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Editorial: Gov. Christie’s weight not off limits

New Jersey Gov. Chris Christie jokes Friday Feb. 8 2013 TrentN.J. as he says thpart state's preparedness for predicted snow

New Jersey Gov. Chris Christie jokes Friday, Feb. 8, 2013, in Trenton, N.J., as he says that part of the state's preparedness for a predicted snow storm should be for reporters to relax at home. A blizzard warning for northeast New Jersey called for as much as 14 inches of snow. Up to 10 inches were possible for most of the state, with 2 to 5 inches in south Jersey. (AP Photo/Mel Evans) ORG XMIT: NJME114

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Updated: March 11, 2013 6:44AM

If New Jersey Gov. Chris Christie wants to run for president in 2016 — and we hope he does — he had better figure out now what to say and do about his considerable extra weight.

Gov. Christie can’t have it both ways. He can’t laugh off the matter of his obesity one day, as he did on David Letterman’s show last Monday, and snarl about it the next, as he did two days later when he told a former White House doctor who mentioned his weight to “shut up.”

More than that, here’s hoping Christie actually slims down, as he says he’s trying to do. The doctor who annoyed him, Connie Mariano, was speaking the simple truth when she pointed out that the presidency is a highly stressful job and all those extra pounds could kill him.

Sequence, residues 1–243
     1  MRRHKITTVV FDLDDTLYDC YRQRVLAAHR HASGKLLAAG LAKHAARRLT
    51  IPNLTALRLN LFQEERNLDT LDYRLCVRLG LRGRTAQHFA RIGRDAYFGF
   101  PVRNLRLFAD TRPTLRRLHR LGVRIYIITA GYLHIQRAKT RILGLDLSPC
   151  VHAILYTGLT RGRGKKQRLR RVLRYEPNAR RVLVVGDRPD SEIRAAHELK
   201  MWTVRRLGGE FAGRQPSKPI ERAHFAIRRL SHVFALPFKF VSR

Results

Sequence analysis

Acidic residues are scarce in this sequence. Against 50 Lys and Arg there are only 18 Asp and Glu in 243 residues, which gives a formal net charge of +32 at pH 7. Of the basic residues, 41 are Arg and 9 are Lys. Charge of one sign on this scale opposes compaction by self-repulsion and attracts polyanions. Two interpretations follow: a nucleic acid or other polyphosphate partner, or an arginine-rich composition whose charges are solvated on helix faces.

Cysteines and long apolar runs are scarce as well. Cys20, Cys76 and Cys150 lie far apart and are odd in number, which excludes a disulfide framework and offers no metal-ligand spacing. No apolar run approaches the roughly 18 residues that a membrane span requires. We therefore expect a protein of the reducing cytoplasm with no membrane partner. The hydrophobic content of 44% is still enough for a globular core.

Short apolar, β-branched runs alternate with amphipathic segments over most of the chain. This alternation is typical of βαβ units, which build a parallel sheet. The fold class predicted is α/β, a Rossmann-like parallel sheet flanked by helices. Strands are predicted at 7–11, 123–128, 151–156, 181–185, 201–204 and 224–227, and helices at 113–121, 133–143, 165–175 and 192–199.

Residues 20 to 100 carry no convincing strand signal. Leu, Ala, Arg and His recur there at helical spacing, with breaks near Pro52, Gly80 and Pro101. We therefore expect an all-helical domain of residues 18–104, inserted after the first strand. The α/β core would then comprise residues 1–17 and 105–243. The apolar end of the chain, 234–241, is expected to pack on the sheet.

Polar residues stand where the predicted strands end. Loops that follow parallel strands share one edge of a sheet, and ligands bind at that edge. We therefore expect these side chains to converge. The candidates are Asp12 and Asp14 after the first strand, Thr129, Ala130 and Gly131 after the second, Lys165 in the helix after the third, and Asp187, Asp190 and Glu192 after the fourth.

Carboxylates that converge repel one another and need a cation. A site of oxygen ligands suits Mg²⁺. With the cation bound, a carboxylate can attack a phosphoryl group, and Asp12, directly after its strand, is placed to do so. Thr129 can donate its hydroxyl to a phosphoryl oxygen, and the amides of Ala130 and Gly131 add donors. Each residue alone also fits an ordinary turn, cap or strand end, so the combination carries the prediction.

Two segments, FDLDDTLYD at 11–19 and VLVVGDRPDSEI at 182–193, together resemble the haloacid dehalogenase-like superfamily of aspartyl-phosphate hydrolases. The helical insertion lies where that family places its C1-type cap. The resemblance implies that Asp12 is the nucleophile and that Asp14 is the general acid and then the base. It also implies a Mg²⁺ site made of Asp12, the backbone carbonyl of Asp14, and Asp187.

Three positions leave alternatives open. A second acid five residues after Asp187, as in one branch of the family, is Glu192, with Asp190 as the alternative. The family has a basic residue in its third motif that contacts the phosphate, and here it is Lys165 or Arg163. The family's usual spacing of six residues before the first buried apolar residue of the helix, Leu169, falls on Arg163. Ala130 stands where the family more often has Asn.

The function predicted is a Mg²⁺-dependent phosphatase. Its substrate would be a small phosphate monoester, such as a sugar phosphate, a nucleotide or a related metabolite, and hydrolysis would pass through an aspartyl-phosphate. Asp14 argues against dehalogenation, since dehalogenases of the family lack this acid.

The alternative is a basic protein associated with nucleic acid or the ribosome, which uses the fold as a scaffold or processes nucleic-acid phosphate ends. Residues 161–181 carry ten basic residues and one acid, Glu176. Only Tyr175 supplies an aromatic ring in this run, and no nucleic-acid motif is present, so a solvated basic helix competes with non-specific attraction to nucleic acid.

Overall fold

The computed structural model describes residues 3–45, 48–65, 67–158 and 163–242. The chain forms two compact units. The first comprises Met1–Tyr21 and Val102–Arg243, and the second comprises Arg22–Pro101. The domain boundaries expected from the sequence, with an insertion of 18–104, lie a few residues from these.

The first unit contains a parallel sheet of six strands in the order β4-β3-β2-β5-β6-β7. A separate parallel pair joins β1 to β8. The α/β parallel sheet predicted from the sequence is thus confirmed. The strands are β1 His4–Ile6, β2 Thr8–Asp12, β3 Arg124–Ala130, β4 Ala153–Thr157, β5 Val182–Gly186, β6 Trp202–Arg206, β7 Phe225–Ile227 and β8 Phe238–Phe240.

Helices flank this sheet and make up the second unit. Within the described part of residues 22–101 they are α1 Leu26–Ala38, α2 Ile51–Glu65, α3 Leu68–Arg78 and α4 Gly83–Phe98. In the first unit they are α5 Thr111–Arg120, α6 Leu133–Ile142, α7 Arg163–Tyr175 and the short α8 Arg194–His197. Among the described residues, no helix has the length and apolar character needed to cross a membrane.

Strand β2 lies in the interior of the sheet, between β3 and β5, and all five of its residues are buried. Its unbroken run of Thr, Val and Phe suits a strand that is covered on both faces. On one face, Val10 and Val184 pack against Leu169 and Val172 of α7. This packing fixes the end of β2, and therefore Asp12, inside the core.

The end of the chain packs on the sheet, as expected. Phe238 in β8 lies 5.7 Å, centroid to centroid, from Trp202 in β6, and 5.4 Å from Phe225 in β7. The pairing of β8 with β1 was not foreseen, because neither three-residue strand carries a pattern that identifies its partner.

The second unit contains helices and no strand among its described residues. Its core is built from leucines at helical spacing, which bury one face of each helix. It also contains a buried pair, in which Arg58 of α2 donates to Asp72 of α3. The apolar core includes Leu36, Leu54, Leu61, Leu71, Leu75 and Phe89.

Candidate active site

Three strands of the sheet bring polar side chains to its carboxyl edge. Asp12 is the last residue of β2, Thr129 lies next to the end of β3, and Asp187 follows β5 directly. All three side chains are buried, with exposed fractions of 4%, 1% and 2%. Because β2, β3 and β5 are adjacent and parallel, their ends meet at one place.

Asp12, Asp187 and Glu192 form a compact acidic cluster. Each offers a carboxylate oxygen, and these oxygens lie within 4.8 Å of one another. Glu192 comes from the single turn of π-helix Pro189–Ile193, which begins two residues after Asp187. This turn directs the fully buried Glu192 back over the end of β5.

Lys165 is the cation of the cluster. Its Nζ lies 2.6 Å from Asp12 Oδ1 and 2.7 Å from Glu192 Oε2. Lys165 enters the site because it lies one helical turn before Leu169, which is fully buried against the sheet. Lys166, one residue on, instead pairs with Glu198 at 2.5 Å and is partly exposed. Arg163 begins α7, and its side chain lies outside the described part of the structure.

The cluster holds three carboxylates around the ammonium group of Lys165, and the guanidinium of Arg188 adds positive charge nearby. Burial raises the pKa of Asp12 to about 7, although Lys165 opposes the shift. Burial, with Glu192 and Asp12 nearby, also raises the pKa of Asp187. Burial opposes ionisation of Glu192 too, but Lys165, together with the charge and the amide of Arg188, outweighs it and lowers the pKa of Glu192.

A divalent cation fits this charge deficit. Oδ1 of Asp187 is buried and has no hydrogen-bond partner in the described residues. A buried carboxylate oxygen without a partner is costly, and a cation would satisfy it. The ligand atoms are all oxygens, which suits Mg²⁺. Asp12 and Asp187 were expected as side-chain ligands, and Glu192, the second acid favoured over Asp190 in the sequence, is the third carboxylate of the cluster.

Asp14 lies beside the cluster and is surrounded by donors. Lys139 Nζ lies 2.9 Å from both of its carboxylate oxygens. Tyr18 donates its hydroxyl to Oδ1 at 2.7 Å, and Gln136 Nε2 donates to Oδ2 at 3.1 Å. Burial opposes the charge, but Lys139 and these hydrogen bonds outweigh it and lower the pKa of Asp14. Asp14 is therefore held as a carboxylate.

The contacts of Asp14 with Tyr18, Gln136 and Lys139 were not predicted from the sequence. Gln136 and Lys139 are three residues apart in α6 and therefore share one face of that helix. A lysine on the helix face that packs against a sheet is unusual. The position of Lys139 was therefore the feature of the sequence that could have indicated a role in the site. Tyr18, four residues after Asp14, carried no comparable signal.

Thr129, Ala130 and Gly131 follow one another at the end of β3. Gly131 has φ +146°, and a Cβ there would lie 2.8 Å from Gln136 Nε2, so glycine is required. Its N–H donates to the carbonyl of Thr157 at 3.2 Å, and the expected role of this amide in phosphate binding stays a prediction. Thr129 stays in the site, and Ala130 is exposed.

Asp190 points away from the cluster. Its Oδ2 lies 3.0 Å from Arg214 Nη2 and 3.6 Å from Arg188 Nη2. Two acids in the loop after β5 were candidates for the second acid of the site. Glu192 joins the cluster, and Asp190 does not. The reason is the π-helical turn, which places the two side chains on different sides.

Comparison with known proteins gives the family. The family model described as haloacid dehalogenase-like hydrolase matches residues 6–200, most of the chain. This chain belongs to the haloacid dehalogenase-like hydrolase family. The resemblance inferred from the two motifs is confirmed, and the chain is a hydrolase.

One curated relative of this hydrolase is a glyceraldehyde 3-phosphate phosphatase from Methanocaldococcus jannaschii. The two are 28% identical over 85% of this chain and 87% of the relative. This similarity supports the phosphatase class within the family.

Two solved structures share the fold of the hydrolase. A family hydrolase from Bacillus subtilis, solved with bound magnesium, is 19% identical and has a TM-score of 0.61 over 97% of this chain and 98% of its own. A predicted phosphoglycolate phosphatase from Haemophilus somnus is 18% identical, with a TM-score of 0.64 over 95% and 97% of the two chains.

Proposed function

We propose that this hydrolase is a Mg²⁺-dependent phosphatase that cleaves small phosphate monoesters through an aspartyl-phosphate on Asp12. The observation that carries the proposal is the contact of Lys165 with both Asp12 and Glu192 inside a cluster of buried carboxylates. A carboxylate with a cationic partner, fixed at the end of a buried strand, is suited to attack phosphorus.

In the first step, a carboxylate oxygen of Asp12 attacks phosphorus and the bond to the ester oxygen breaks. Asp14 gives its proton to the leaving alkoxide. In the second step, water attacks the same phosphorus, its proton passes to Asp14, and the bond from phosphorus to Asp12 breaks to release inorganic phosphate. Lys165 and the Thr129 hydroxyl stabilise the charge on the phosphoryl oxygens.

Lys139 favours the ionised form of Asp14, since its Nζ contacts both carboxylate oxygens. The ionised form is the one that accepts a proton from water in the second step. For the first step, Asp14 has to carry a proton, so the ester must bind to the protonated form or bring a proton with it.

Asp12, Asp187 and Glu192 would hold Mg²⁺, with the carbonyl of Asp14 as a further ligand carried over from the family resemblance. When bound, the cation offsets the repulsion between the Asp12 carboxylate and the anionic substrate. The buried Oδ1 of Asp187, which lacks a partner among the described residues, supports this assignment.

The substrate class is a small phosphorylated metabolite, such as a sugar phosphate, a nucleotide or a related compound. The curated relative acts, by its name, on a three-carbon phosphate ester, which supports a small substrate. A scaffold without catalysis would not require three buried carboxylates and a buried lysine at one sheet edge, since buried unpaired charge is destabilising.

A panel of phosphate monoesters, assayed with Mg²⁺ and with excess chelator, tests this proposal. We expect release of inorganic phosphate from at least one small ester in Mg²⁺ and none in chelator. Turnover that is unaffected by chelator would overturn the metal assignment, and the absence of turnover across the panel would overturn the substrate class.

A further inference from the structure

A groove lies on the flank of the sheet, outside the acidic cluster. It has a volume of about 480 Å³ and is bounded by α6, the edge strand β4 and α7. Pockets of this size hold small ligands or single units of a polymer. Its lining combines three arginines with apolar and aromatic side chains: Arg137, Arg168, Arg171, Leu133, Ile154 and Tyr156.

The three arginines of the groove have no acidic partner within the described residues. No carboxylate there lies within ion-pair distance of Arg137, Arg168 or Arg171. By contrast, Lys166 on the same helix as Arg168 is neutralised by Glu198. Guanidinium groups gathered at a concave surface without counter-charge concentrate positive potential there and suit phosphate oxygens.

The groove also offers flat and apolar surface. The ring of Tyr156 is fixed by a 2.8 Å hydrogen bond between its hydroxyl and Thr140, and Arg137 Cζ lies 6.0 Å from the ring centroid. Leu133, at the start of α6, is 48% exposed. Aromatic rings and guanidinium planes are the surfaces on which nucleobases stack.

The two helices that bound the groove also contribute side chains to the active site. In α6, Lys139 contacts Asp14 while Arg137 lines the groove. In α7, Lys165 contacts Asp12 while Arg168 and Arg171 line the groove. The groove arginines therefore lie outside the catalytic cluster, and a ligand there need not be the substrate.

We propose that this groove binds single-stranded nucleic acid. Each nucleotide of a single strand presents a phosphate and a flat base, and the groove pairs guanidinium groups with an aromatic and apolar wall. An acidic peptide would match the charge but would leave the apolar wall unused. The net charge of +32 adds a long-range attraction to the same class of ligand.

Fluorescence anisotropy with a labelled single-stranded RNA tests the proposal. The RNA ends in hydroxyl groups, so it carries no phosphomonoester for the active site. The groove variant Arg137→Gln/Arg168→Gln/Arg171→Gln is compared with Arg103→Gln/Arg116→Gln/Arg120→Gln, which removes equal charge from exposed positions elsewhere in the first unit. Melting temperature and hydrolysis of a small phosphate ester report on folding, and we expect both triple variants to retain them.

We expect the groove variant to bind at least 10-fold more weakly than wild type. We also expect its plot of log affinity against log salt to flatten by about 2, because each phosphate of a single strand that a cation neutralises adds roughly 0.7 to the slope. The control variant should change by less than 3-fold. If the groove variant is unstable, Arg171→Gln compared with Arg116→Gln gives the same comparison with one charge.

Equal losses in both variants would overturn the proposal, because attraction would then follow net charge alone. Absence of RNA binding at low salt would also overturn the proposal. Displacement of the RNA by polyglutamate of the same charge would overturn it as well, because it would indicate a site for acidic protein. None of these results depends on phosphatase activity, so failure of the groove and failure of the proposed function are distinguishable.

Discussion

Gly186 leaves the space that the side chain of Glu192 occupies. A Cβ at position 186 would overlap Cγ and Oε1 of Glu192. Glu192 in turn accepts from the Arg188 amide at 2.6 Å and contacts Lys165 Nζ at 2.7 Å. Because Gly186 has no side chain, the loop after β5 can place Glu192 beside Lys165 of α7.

Americans presume that a president’s health is their business. They don’t want any big secrets, as there were for FDR and JFK. That’s why later presidents have made public the results of their annual physicals.

Presidents are also, like it or not, role models for good health or bad. President George W. Bush set a good example with is regular jogging; President Barack Obama set a bad example with his covert smoking — let’s hope he’s quit.

About a third of all Americans are obese, carrying an extra 35 pounds or so.

If Christie goes for the Republican presidential nomination in 2016, we can expect a primary battle that is far more honest and intelligent than what we saw last year. And Christie would give any Democrat in the general election, even one named Clinton, a real run for the money.

But if the governor is of a mind to run, he would be wise to start now, beginning with a slow jog.

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